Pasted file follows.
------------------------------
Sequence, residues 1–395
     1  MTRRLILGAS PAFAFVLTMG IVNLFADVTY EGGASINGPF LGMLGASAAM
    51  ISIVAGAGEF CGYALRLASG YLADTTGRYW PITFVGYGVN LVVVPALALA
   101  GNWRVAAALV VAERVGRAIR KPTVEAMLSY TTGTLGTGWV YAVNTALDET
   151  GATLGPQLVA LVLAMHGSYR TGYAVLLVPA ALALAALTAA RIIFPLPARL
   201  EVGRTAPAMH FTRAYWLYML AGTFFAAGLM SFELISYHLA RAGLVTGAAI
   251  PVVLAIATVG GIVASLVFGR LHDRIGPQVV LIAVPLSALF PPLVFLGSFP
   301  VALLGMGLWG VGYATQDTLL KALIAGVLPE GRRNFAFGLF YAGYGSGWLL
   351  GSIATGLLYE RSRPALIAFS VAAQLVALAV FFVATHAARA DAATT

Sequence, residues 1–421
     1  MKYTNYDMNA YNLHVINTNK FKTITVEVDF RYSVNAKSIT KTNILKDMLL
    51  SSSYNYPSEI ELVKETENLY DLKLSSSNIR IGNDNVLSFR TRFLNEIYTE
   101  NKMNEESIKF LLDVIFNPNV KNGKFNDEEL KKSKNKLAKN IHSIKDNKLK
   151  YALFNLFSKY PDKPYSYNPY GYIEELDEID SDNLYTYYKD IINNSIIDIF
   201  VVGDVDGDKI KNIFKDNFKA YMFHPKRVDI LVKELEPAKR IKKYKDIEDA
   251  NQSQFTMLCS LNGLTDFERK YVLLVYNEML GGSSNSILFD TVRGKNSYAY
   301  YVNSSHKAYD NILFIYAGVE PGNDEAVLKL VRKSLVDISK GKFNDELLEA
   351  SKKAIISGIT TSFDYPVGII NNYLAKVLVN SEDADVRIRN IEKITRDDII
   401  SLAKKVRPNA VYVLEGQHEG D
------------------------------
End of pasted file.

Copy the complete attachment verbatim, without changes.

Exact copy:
Sequence, residues 1–395
     1  MTRRLILGAS PAFAFVLTMG IVNLFADVTY EGGASINGPF LGMLGASAAM
    51  ISIVAGAGEF CGYALRLASG YLADTTGRYW PITFVGYGVN LVVVPALALA
   101  GNWRVAAALV VAERVGRAIR KPTVEAMLSY TTGTLGTGWV YAVNTALDET
   151  GATLGPQLVA LVLAMHGSYR TGYAVLLVPA ALALAALTAA RIIFPLPARL
   201  EVGRTAPAMH FTRAYWLYML AGTFFAAGLM SFELISYHLA RAGLVTGAAI
   251  PVVLAIATVG GIVASLVFGR LHDRIGPQVV LIAVPLSALF PPLVFLGSFP
   301  VALLGMGLWG VGYATQDTLL KALIAGVLPE GRRNFAFGLF YAGYGSGWLL
   351  GSIATGLLYE RSRPALIAFS VAAQLVALAV FFVATHAARA DAATT

Sequence, residues 1–421
     1  MKYTNYDMNA YNLHVINTNK FKTITVEVDF RYSVNAKSIT KTNILKDMLL
    51  SSSYNYPSEI ELVKETENLY DLKLSSSNIR IGNDNVLSFR TRFLNEIYTE
   101  NKMNEESIKF LLDVIFNPNV KNGKFNDEEL KKSKNKLAKN IHSIKDNKLK
   151  YALFNLFSKY PDKPYSYNPY GYIEELDEID SDNLYTYYKD IINNSIIDIF
   201  VVGDVDGDKI KNIFKDNFKA YMFHPKRVDI LVKELEPAKR IKKYKDIEDA
   251  NQSQFTMLCS LNGLTDFERK YVLLVYNEML GGSSNSILFD TVRGKNSYAY
   301  YVNSSHKAYD NILFIYAGVE PGNDEAVLKL VRKSLVDISK GKFNDELLEA
   351  SKKAIISGIT TSFDYPVGII NNYLAKVLVN SEDADVRIRN IEKITRDDII
   401  SLAKKVRPNA VYVLEGQHEG D